The plan to haul apprenticeships into the 21st century - Planned changes to the apprenticeship system could be among the most significant to the Irish education system in decades
The brightest young people go on to third level, and the brightest of all go to university: so goes the conventional narrative.
But increasingly this story does not stand up to scrutiny. Recent figures published in The Irish Times show that up to one in six students are not progressing past their first year in higher education, primarily because they have chosen an unsuitable course.
Meanwhile, there are major skills shortages in key areas of the economy, and youth unemployment still hovers at about 20 per cent.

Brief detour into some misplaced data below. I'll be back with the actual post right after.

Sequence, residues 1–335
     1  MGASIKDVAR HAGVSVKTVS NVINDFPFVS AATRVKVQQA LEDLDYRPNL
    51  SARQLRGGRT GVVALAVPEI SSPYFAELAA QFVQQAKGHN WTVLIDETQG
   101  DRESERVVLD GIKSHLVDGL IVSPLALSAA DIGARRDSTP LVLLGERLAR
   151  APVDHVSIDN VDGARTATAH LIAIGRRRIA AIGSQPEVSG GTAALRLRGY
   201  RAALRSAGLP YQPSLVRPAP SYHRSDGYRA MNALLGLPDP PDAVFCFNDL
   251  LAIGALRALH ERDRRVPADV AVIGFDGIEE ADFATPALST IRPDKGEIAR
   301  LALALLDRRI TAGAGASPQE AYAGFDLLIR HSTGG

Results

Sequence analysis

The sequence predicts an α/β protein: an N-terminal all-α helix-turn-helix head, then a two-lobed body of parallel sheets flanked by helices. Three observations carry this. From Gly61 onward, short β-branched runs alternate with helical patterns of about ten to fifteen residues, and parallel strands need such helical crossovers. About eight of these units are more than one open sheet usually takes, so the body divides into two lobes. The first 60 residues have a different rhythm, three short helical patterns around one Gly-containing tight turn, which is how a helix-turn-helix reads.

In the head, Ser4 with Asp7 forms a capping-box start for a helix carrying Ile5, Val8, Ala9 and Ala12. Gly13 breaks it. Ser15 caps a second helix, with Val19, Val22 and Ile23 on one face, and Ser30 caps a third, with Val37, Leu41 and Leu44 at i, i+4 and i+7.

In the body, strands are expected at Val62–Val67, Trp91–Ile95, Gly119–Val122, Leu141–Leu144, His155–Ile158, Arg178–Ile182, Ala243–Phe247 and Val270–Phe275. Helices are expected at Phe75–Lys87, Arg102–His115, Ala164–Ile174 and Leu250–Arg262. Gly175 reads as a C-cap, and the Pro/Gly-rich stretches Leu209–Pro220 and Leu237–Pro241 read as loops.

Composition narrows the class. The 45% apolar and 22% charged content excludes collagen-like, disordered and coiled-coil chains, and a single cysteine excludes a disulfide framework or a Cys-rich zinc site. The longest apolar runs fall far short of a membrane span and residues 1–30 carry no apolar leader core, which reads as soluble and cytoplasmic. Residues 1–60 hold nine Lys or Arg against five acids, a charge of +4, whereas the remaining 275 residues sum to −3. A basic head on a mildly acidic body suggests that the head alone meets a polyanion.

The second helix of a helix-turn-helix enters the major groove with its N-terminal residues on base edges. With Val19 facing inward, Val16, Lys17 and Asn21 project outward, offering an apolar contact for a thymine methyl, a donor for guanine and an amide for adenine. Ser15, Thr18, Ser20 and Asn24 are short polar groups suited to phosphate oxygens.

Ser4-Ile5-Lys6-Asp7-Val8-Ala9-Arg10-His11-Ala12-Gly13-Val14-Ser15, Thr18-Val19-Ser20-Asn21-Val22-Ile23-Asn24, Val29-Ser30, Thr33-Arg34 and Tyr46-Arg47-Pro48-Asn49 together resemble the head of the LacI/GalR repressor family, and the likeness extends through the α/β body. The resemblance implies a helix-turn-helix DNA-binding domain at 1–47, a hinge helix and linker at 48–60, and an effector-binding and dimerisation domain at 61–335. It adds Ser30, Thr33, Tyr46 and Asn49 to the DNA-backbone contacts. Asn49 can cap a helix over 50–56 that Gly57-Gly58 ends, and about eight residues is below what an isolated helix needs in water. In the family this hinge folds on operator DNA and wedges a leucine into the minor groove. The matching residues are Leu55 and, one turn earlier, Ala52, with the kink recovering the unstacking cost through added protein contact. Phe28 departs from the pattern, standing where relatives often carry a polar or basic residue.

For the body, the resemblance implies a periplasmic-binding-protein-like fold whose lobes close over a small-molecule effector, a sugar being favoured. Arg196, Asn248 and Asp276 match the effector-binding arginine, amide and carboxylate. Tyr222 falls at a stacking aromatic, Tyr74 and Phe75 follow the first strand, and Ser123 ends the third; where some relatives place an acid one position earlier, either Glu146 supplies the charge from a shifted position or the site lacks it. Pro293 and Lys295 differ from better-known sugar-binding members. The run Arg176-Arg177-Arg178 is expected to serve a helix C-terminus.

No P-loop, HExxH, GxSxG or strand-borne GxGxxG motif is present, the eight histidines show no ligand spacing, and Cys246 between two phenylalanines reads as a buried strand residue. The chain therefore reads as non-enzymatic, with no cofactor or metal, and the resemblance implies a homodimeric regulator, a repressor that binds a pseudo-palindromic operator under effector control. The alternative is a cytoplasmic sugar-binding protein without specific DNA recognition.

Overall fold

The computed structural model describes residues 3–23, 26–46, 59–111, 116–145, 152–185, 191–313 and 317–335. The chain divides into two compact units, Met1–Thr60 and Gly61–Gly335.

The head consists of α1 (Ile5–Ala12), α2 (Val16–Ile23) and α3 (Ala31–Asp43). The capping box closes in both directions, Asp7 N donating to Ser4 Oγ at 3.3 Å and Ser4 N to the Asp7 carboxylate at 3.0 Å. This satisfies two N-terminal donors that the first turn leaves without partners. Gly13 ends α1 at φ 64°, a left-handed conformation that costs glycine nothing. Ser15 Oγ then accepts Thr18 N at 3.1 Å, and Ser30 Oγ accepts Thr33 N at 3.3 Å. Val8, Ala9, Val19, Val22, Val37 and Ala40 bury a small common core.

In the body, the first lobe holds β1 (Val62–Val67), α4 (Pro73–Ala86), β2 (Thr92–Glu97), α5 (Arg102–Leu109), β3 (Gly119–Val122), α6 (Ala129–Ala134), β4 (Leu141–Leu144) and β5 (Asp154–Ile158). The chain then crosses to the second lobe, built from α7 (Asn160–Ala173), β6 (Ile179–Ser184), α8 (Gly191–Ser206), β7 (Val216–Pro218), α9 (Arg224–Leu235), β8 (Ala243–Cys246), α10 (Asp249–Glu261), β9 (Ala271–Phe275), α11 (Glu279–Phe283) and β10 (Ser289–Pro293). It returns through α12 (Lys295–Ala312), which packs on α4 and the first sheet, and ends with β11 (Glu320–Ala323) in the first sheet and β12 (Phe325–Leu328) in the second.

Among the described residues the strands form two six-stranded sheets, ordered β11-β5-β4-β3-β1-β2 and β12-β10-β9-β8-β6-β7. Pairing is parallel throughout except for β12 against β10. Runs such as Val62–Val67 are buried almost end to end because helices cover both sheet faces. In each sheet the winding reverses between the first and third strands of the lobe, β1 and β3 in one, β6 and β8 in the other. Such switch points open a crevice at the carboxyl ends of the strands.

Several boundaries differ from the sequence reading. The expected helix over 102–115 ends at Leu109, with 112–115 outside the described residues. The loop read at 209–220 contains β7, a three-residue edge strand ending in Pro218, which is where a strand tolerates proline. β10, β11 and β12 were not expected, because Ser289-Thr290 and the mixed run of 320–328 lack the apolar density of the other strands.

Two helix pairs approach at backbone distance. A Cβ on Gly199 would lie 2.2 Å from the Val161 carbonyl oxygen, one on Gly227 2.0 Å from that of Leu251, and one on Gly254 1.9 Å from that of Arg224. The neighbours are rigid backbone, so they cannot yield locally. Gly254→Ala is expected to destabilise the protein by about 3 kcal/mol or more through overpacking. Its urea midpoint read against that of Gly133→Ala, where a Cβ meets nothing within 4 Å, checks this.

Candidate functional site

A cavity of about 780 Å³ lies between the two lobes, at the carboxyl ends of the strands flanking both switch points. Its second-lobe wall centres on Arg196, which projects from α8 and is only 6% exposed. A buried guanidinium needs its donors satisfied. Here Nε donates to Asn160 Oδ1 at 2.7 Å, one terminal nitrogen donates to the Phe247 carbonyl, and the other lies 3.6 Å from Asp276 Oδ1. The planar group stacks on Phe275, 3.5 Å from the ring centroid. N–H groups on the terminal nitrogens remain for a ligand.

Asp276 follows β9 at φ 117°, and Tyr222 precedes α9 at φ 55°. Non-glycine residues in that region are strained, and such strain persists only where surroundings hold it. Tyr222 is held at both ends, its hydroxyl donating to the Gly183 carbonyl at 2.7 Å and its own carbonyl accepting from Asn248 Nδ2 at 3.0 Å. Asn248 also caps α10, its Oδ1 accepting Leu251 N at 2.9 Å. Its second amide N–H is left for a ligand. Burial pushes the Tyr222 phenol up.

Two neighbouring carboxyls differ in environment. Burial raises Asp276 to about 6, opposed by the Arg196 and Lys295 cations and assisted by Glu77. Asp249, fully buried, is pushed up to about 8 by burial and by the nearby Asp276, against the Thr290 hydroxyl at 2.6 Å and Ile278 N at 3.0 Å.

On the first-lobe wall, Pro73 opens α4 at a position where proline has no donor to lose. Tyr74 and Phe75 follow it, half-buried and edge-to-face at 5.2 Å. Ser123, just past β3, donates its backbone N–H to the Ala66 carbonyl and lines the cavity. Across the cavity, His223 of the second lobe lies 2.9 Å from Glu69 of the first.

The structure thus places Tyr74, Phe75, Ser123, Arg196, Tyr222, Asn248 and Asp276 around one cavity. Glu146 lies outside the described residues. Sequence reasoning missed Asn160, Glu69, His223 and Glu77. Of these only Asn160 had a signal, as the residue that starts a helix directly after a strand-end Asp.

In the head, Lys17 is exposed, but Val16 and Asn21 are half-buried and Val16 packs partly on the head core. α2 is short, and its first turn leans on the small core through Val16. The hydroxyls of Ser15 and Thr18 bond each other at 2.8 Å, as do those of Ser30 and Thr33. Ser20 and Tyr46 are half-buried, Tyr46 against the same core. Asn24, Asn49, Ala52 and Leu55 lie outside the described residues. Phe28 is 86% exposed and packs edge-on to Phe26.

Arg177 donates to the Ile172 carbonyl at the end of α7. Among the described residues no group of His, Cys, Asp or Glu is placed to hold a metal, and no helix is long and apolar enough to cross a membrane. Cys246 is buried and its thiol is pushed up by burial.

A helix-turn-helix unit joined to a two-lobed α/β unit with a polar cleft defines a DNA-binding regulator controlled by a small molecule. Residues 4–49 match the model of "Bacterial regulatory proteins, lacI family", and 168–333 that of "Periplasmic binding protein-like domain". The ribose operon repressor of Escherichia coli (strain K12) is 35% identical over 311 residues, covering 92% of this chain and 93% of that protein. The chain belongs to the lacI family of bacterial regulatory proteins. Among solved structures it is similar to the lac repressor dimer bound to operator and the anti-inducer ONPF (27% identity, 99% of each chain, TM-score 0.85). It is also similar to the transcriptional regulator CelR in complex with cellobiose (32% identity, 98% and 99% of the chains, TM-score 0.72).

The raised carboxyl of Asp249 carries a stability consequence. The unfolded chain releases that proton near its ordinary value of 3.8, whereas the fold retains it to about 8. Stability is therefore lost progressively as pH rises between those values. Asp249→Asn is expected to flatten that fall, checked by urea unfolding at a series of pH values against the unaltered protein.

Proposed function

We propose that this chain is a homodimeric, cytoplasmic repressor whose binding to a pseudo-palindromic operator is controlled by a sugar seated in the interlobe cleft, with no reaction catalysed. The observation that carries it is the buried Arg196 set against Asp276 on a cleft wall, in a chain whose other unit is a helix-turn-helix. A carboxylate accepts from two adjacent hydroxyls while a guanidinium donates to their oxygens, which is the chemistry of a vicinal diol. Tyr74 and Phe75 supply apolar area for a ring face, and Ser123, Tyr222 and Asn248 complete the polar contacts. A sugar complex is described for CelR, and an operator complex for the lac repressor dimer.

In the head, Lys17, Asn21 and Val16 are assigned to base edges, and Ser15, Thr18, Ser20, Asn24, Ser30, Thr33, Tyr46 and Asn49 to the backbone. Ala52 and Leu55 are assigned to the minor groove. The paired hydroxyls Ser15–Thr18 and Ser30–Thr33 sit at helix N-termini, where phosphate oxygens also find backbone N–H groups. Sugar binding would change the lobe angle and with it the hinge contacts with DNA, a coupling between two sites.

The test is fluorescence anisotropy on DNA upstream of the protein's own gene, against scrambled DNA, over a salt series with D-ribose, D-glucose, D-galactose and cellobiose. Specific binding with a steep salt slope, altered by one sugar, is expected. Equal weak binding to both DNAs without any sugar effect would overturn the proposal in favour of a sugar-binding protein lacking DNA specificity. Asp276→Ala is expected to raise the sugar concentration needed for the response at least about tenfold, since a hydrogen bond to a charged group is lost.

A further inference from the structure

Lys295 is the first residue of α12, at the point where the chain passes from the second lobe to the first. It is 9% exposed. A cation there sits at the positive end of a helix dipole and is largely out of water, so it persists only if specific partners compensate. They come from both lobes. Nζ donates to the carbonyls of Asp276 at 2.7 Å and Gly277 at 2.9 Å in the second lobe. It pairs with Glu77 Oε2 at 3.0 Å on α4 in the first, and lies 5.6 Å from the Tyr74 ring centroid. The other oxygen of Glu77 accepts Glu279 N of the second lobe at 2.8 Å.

We have one of the highest proportions of third-level graduates, and yet a report from the OECD last year showed that more than 40 per cent of people are working in an area that does not match their qualifications.
It is against this background that Solas, the further education and training agency, is preparing an overhaul of apprenticeships, a system it acknowledges has for a long time been unfit for purpose.
“We are investing in a fairly radical expansion and modernisation of apprenticeships, and hope to have about 100 options within the next three to five years, spanning all the way from certificate to postgraduate masters level,” says Dr Mary-Liz Trant, executive director for skills development with Solas.
“This is commonplace across European countries. When the apprenticeships come on track, we hope people will see that they offer a strong career path and that they are suitable for a wide range of people, including those who might previously have only considered a traditional third-level course.”